Artist: Simon & Shaker
Title: Pure State / Last Trip
Label: DK Records
By: Colin C. | 5 October 2006
  • A: Pure State
  • B: Last Trip

Simon & Shaker "Pure State / Last Trip"

Out Now on DK Records

For the past few years Spain has been the "go to" region of the world when it comes to getting your house music served up in grinding, tribalicous portions. Amongst the producers and DJ’s filling themselves under the Iberican sound, two producers managed to stand out and grab my attention when they dropped 'Coming Up' as the Sundayprayers on Intesno back in 2003. These two (known as Simon Garcia and Karim Shaker) had me glued to my headphones with their ability to pound out some of the most ass shaking grooves which quickly established them as a duo to watch out for. Here the boys step out of Spain and find themselves in with Dutch DJ and producer Matthew Dekay for their latest double A-side release.

'Pure State' kicks things off with a nice round kick drum knocking around some housey percussion layers. The syncopated movement of the signature Simon and Shaker groove gets left behind here as the focus is set firmly on crafting something more uplifting and straight forward. A catchy bass line falls in to make up for the lack of syncopated, tribal elements as a breezy set of strings and backing pads pull through the mix. As the track progresses into some big key changes, it's easy to see why Dekay snatched this up as this falls more in sync with his style than Simon & Shaker's. As the track winds into a typical breakdown, it’s hard for me to find elements of the style that hooked me on Simon and Karim’s sound. The production is spot as usual, but the overall message of this track just lacks their personality for me.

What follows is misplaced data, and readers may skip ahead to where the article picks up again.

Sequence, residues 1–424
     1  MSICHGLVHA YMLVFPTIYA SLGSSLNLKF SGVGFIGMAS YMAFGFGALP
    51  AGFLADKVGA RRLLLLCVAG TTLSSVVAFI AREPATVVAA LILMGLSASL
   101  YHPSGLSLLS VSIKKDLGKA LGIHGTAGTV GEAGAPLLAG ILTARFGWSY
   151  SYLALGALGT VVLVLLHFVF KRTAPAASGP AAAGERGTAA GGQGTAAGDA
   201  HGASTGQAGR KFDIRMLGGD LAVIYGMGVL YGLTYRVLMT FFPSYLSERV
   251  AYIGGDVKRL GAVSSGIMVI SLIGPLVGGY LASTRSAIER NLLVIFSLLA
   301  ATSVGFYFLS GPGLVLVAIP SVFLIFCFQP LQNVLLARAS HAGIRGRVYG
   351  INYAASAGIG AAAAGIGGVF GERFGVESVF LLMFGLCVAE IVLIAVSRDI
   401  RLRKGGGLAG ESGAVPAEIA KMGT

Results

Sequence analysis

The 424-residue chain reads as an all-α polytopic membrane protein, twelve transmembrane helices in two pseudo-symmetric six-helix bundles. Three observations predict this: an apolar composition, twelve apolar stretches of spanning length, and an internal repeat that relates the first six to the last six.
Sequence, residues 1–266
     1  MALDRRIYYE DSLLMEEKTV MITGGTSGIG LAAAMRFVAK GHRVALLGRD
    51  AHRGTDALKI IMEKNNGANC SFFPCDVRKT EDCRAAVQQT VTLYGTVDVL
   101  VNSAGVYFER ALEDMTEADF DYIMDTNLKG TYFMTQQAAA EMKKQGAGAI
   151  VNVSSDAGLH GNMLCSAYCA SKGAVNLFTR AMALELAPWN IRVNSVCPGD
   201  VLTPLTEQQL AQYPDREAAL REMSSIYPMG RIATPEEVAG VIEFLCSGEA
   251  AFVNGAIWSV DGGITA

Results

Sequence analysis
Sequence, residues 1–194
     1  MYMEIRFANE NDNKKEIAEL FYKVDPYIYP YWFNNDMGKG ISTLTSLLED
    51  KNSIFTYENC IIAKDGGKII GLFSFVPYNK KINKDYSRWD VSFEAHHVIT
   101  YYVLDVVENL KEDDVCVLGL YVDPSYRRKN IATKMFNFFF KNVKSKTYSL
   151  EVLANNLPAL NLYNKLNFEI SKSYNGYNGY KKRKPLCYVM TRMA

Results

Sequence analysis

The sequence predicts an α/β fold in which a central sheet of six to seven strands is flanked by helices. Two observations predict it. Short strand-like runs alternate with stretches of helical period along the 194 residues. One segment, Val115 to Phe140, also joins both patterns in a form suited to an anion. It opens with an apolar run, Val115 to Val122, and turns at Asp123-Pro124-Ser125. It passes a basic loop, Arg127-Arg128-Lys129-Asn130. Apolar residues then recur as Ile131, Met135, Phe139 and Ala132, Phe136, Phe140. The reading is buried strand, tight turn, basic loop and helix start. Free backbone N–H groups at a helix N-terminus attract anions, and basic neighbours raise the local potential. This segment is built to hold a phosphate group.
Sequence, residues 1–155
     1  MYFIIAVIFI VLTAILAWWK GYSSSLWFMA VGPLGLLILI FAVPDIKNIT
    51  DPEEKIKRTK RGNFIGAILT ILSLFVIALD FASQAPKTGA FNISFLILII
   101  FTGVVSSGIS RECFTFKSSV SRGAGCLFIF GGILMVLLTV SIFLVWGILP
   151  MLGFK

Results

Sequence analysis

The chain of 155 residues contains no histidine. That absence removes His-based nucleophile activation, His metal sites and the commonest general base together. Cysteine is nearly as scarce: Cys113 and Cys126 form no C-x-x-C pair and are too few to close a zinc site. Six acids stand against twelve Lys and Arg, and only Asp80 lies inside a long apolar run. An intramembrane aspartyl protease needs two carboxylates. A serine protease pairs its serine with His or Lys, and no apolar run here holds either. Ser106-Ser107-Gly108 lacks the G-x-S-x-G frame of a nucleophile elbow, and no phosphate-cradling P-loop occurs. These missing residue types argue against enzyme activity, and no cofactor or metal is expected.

Up next is 'Last Trip' which kicks it off with a hypnotic bass line and a pressurized groove starts grinding away. Slowly bringing in more percussion, the duo start to filter it down for a club friendly break before jumping back into a rolling groove that brings in a little more of that Simon and Shaker style we were expecting. But again they opt to bring in some swirling synths and end up focusing more on them than honing a solid, grinding beat. Which is perfectly in step for the DK Label, and will keep the Dekay fans pleased.

I guess that's what it comes down to, I've not been that big of a fan of Dekay and I have to admit I was a bit surprised to see this duo on his label. Simon and Karim have plenty of talent when it comes to making things that shake the floor, but here I don't think they were trying to channel that vibe and it unfortunately lands them with a double release that (I hate to say) is a bit of a yawner. However, I'm sure this won't be the last for the duo and they sure haven't lost me yet.

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